Here's how to enable this feature on your Twitter account:
"Enable this feature by using the compose image descriptions option in the Twitter app’s accessibility settings. The next time you add an image to a Tweet, each thumbnail in the composer will have an add description button. Tap it to add a description to the image. People who are visually impaired will have access to the description via their assistive technology (e.g., screen readers and braille displays). Descriptions can be up to 420 characters." https://blog.twitter.com/2016/accessible-images-for-everyone
So don't forget the alt text the next time you include an image in your tweet!
by Karen Nichols
Faculty Focus, a publication I value a lot, posted an article on January 8, 2016 explaining the benefits of screencasting feedback to students. Dr. Ron Martinez, the author, talked about his solution to providing students one-to-one feedback about their essays in his oversized class. He was seeking a way to give the personalization when he could not individually meet with every student about every essay. Using Screencast-o-matic, he was able to provide that personal touch.
There are multiple screencast apps out there, and we offer Camtasia Studio to our faculty. However, there's a bit of a learning curve and faculty have to trek over here to our office and schedule time in advance in order to use it. I shared this article on screencasting feedback with my colleagues here in the Center for the Advancement of Teaching and Faculty Development.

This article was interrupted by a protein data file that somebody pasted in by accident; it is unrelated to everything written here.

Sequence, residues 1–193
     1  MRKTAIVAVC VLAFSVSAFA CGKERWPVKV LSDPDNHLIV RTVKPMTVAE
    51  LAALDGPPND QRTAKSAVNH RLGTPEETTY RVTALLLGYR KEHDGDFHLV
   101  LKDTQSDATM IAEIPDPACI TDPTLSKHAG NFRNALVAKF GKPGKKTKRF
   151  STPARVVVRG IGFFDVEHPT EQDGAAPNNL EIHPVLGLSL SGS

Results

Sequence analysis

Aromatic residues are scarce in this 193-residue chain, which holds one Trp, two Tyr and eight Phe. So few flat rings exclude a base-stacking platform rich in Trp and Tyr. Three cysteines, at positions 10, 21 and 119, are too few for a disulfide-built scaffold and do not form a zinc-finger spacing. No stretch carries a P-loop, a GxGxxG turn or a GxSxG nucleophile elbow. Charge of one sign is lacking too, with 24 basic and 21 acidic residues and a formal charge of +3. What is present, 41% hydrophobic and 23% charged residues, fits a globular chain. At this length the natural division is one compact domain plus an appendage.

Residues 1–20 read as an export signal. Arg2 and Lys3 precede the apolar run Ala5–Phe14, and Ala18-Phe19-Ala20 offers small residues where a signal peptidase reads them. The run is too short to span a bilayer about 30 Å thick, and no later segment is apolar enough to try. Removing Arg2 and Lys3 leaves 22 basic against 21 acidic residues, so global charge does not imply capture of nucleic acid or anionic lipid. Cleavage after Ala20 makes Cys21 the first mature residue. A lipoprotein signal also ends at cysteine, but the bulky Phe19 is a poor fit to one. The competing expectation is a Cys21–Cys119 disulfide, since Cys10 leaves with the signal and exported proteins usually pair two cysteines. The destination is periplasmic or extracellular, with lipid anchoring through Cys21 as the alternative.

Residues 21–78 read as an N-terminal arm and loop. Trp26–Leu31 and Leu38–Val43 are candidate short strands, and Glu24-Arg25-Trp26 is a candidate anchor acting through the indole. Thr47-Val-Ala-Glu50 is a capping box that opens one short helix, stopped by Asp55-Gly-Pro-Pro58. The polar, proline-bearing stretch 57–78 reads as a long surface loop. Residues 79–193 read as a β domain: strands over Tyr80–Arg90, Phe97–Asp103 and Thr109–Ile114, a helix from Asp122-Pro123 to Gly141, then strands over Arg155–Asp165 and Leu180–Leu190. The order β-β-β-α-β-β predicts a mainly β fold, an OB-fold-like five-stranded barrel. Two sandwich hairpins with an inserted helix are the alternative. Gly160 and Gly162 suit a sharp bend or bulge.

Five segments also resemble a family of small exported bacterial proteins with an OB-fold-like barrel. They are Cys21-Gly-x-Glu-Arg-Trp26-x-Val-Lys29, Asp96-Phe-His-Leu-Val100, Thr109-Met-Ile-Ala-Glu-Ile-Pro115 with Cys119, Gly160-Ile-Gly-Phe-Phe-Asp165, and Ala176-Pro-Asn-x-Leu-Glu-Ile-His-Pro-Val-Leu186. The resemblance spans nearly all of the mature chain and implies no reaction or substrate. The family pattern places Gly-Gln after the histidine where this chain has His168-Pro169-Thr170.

Dr. Jay Todd, our Associate Director, has already experimented with it in his English composition class. Here's his feedback about screencasting feedback:
I used Screencast-O-Matic to make a video for my classes yesterday, since I waited until the last minute.... It worked pretty well, although the default quality of the video it posted to YouTube was significantly lower than I prefer. The free version doesn't allow any editing and includes a watermark, but the Pro version is only $15/year. It has a much easier learning curve than Camtasia, at least the recording part.
So it seems that reading Dr. Martinez' article and downloading Screencast-o-matic may be useful, especially if you don't care to type pages of correction notes. One caveat from Dr. Martinez is that screencasting your feedback is not necessarily a timesaver. I hope the fact that you can work outside of office hours, does give you more flexibility in how you distribute the time needed to provide such personalized feedback. Let us know if you decide to try screencasting and what you think of it.
(For more information on various types of helpful feedback, see Janice Florent's recent blog post: Give Students Feedback that Helps Them Learn.)
by Karen Nichols